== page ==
HONG KONG (Reuters) - China’s second-largest mobile search engine Sogou, controlled by Sohu.com [SOHU.O] and 45 percent owned by Tencent Holdings [0700.HK], said it will focus on artificial intelligence (AI) as it aims to build a next-generation search engine.
Chinese internet and gaming company Sohu on Monday announced the plan to float Sogou in the United States “as early as market conditions permit”, saying the search unit would make a confidential registration filing to the US Securities and Exchange Commission.
Sogou is the second-largest mobile search engine in China after Baidu [BIDU.O]. Tencent is the largest shareholder in Sogou, though the stake carries less voting power than Sohu’s 39 percent stake.
Sohu on Monday reported a 10 percent revenue rise to $461 million in the second quarter, including $211 million from Sogou, which rose at a faster pace of 20 percent rise year-on-year.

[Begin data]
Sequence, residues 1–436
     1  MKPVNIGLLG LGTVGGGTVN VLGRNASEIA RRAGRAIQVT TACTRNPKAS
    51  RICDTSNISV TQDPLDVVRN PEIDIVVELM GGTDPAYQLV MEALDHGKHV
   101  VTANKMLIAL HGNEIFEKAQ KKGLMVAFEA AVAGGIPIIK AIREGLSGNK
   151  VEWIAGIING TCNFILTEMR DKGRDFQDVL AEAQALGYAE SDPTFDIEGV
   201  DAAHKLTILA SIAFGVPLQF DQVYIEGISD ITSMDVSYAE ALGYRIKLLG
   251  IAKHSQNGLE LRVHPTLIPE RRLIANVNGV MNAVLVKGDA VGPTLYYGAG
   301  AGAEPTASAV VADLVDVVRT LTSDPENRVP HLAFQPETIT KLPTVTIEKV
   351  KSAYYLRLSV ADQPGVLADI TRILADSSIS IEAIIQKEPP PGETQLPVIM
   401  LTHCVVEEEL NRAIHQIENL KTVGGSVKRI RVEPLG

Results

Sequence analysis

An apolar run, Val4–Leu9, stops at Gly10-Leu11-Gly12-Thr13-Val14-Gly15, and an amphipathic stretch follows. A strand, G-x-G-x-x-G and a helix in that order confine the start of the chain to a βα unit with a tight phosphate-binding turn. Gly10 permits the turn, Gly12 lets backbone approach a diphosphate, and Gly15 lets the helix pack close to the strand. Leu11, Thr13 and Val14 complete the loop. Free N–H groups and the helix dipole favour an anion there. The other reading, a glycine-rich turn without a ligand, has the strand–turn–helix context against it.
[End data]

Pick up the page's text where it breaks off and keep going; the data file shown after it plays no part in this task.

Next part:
Sogou CEO Wang Xiaochuan said in an internal email after the announcement on Monday that Sogou would leverage its strength in natural language processing, which he called the “crown jewel” of artificial intelligence, and move from search to question-answering.
The aim was to become an “innovator and pioneer in artificial intelligence in China,” he said in the email, the content of which was confirmed by Sogou.
Wang also said Sogou would increase investment into AI, big data and the so-called internet of things.
Sogou declined to comment on the possible size of the IPO. Wang told Bloomberg in an interview in January that Sogou was targeting a valuation of $5 billion.
Sogou merged with Tencent’s search business Soso in 2013 upon Tencent’s strategic investment. Sohu management said in an earnings call on Monday that content-sharing with Tencent’s social media app WeChat contributed to Sogou’s search traffic growth, which jumped 50 percent in mobile in the past quarter.
WeChat, China’s most popular social media app with nearly 1 billion monthly active users, in April established a small search department of its own, which analysts said could grow into a powerful threat to other Chinese search companies such as Sogou and Baidu.
Sogou declined to comment on collaboration details with Tencent.
Sohu’s Nasdaq-listed shares jumped 12 percent on Monday to a 19-month high.
Reporting by Sijia Jiang; Editing by Stephen Coates